fashion magazine for young woman when she was transferred to this dusty department located in a ramshackle outbuilding. But despite her skepticism and even derision, she is no more immune to the lure of this grand endeavor than Nishioka was. She becomes fascinated with the process of developing paper for this dictionary. Paper is being developed especially for this dictionary, as it must be thin enough to ensure that the dictionary is not too bulky, but not so flimsy that the words on the opposite side of the paper seep through. When flipping through the dictionary, the pages should turn like sand through your fingers. The paper should have a warmth to it, and Majime insists that it have a slight stickiness so that the user’s fingertips can gain purchase on the pages. Every last detail is considered.

Majime’s boarding house

One of the most appealing aspects of this book is the fact that the first half is set in the early 1990s, which might as well have been a century ago in terms of the way we use technology now. A clunky computer is used for data entry, but they use cards to write up word definitions and keep boxes and boxes of them in a storeroom. Majime lives in a rundown boarding house, where the landlady has retreated to the second floor so that Majime and his books can take over the whole first floor. There are no gleaming white surfaces, no stainless steel, no screens anywhere in this book, and the film based on the book is faithful to this (you can watch a trailer for the film with English subtitles here, and a longer trailer without subtitles here). This is a sepia-tinted world of dusty books and wood (on Kishibe’s first day in the department, her heels catch on the old floor boards and she sneezes constantly). The book ends in the early 2000s, but for the most part Matsumoto, Araki and Majime stick to their old methods. They are intensely curious about new words and usages, but only so they can capture them in their dictionary.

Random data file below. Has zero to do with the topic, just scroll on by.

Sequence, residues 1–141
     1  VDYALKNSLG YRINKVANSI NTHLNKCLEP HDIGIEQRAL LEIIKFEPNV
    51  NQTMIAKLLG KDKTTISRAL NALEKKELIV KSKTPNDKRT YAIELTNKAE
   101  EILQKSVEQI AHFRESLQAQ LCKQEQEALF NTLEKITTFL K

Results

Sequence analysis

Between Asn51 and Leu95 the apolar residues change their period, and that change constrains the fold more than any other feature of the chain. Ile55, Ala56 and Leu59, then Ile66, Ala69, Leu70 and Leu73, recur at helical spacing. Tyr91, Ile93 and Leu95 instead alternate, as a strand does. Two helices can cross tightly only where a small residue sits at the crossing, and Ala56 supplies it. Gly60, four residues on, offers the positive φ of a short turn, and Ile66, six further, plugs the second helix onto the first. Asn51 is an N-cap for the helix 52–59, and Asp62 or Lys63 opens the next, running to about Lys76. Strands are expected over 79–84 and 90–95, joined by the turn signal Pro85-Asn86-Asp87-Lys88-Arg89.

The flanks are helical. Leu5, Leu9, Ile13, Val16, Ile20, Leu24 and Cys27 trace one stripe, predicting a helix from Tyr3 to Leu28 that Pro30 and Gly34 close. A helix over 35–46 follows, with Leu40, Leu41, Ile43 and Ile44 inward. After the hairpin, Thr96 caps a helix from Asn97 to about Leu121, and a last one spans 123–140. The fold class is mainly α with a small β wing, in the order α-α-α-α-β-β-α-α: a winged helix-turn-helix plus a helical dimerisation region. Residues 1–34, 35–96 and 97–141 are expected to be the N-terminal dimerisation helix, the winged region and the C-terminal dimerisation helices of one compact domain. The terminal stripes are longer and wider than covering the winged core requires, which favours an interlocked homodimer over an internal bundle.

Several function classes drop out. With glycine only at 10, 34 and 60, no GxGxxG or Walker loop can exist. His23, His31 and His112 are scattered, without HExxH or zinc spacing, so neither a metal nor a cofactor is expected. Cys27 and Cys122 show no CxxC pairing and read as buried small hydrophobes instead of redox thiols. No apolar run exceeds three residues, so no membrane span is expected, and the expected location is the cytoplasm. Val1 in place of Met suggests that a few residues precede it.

I have read this book three times since it was first published in 2011, and have often wondered why it appeals to me so much (although it’s not just me—it won the 2012 Booksellers Award). We are all intrinsically drawn to fairy tales and legends, and there are certainly echoes here of the holy grail, the ugly duckling, and the pursuit of a seemingly unattainable princess. But I think that most of the appeal for me comes from the idea of a small department working with utter concentration and conviction for almost twenty years on a grand project. When my days are interrupted by breaking news stories flashing across my cellphone screen and the hours are broken down into neat blocks of time in my planner, a life in which you can miss the last train to keep researching a word seems like the ultimate luxury.

Mountain Life

神去なあなあ日常

三浦しをん

徳間書店, 2012

 

Kamusari Naanaa Nichijo

Shion Miura

Tokuma Shoten, 2012

[No English translation available]

The title of this book, Kamusari Naanaa Nichijo, presents a perfect case study for the difficulties of translation. Yuki, the narrator, begins the story of his first year in Kamusari by trying to dissect the nuances of なあなあ (naanaa) as it is used in Kamusari. Although it means “take it easy,” and “just relax,” this single word can also be used to say, “the weather today is calm and pleasant.” It is a constant refrain in the speech of people in Kamusari. In fact, the soft “na” is peppered throughout their speech to such an extent that even when they are angry, they still sound relaxed.